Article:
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Prog Neurol Surg. 2009;22:31-7. doi: 10.1159/000163380.

Radiosurgery for cavernous malformations in basal ganglia, thalamus and brainstem.

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  • Department of Neurosurgery, Komaki City Hospital, Komaki, Japan. yoshi9@go2.enjoy.ne.jp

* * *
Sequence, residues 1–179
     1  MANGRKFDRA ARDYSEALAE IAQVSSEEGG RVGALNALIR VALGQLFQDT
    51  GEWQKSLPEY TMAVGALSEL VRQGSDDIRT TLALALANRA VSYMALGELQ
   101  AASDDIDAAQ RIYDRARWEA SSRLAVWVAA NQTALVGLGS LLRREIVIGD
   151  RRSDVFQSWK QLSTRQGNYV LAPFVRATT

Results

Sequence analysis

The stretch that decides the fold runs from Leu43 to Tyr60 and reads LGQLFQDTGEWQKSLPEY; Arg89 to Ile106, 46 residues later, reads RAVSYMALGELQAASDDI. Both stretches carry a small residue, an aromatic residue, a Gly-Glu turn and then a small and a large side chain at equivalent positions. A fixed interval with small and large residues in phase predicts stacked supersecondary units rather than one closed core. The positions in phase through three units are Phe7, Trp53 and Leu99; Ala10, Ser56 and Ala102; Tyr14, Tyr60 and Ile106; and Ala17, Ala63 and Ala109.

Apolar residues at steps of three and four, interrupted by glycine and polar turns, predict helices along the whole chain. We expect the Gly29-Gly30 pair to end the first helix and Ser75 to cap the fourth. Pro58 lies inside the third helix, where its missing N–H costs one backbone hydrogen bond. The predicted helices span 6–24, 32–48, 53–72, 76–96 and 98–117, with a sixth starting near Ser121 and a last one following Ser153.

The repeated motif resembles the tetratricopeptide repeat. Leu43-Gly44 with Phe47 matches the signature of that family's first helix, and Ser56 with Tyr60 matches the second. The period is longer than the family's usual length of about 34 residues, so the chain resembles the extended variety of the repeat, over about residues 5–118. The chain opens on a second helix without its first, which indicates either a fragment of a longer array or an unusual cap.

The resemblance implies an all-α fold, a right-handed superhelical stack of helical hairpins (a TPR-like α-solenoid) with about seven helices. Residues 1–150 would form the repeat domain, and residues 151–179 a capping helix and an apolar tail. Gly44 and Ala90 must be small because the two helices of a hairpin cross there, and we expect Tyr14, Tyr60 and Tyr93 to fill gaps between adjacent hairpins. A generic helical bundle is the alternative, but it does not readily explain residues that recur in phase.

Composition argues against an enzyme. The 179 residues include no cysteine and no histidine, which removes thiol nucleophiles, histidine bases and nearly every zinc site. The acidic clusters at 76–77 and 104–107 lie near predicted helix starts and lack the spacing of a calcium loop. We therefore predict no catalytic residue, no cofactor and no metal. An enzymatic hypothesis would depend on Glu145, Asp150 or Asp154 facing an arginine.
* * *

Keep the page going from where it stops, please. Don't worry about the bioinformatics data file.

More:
Long-term results of radiosurgery for cavernous malformations in basal ganglia and the brainstem are presented. Eighty-four cases, 50 males and 34 females, ranging in age from 10 to 68 years (mean: 38.2 years) are described. The lesions were located in the brainstem (63), thalamus (14) or basal ganglia (7). The mean lesion size was 14.3mm. Mean maximum and marginal treatment doses were 23.3 and 13.4 Gy, respectively. Brainstem lesions were significantly smaller than the lesions in basal ganglia and the thalamus. During a mean follow-up of 55 months, nearly half of the lesions showed some shrinkage, while in the other half there were no obvious changes. Only 4 of the 84 (4.8%) showed progression. Rebleeding occurred in 14 cases (16.7%),16 times in total. Among these, 12 hemorrhages occurred during the first 24 months after radiosurgery, and the incidence decreased markedly thereafter. Bleeding rates during the first and second years were 9.5 and 4.7%/year/case, respectively. However, the rate significantly decreased thereafter. As for complications, perifocal edema was seen in 18% of basal ganglia-thalamus and in 3.2% of brainstem lesion cases. In conclusion, radiosurgery for cavernous malformations of the basal ganglia-thalamus and brainstem is warranted because a decreased bleeding rate and lower morbidity can be expected.

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